What began as a class project will become a premier event as BYU hosts its first annual Dance Marathon.
The BYU Dance Marathon will commence March 18-19, 2016 to raise money for Primary Children’s Hospital in Salt Lake City. The student-run event will last 24 hours, starting Friday evening. Attendants are supposed to stay on their feet for the entire event, dancing, doing activities, and participating in other forms of entertainment in celebration of the year’s fundraising successes.
The purpose of the event is to “dance for those who can’t” according to Dance Marathon’s first mission statement. All the proceeds go to the local hospital. Dance Marathon is a nationwide movement involving high school and college students to raise funds for Children’s Miracle Network Hospitals, a non-profit that gives money to 170 children’s hospitals. A year of fundraising ends with a dance marathon.
This movement began in 1991 by University of Indiana students who danced a marathon in memory of a fellow student who died of AIDS. Now college students across the country bring this movement to their respective campuses.
BYU’s Dance Marathon chapter began Spring Term when six Intro to PR students planned a hypothetical Dance Marathon campaign. Now four of them form the BYU Dance Marathon Executive Board with two other students.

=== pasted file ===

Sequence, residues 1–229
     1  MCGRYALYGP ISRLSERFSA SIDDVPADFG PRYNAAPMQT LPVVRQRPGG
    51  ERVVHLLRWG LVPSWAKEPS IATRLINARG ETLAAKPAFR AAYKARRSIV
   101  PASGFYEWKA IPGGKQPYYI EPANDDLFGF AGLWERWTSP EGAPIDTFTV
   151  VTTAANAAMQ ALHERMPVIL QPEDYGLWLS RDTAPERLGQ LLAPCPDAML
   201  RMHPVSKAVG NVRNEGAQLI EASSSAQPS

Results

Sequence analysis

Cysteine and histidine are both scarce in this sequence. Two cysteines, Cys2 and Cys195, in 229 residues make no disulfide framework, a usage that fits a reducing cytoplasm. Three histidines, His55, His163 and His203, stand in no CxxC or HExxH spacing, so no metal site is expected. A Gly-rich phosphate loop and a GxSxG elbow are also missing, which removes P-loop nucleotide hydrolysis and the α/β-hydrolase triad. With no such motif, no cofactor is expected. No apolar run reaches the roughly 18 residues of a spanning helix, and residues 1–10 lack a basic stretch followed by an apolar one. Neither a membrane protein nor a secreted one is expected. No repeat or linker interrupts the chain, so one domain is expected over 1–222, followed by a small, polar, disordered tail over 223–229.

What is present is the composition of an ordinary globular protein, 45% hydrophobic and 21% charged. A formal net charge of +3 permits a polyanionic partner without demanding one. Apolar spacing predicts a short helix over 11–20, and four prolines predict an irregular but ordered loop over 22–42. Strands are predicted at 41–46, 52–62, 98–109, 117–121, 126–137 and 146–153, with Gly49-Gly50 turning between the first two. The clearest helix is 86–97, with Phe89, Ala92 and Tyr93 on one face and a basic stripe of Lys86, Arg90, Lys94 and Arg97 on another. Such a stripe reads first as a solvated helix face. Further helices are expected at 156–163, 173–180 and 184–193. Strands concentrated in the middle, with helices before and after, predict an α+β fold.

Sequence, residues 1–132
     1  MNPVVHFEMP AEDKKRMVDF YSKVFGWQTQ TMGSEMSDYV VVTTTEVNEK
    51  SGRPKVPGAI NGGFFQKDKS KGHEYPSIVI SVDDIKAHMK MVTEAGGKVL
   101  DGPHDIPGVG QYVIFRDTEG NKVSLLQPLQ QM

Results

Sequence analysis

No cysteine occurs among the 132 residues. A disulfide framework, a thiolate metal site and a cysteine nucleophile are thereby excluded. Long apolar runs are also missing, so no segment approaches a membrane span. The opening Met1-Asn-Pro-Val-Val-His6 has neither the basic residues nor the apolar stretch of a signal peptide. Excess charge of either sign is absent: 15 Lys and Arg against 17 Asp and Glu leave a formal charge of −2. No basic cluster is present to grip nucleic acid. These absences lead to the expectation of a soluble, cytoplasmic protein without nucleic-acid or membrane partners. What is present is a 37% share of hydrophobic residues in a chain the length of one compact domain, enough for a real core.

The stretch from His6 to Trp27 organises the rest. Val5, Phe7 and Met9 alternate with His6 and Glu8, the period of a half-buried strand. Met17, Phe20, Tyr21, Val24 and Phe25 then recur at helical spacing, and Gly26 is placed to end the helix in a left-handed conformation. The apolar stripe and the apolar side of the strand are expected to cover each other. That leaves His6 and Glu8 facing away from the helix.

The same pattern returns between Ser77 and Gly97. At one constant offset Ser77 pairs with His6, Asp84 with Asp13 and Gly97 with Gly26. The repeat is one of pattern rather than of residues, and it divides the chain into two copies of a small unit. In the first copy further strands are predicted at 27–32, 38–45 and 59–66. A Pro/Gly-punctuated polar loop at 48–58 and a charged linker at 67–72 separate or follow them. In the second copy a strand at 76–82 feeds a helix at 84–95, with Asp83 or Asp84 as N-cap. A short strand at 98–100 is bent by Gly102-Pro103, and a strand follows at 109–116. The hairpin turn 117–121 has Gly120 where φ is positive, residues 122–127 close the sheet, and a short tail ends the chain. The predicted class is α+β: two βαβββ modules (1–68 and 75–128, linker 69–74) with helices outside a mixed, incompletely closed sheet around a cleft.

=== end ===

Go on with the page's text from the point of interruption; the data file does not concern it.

Kayla Ellis, a junior majoring in pre-communications at BYU, said when she and her fellow students saw how passionately they felt about their mock campaign, they decided to do it for real.
“The more people we talk to, the more donations we get and the more people want to get involved,” Ellis said.
They will hold an information meeting on campus Oct 1, 2015, since the organization is not well known on the Western part of the United States. The exact location is to be determined.
To register as a marathoner will cost $10 per person. Students may sign up as individuals or as a group, but each person will have a fundraising website and must raise an initial sum of $100. The marathon will begin Friday evening and last all night and all next day to end Saturday evening. Students who do not register are invited to help jump start the event after opening ceremonies.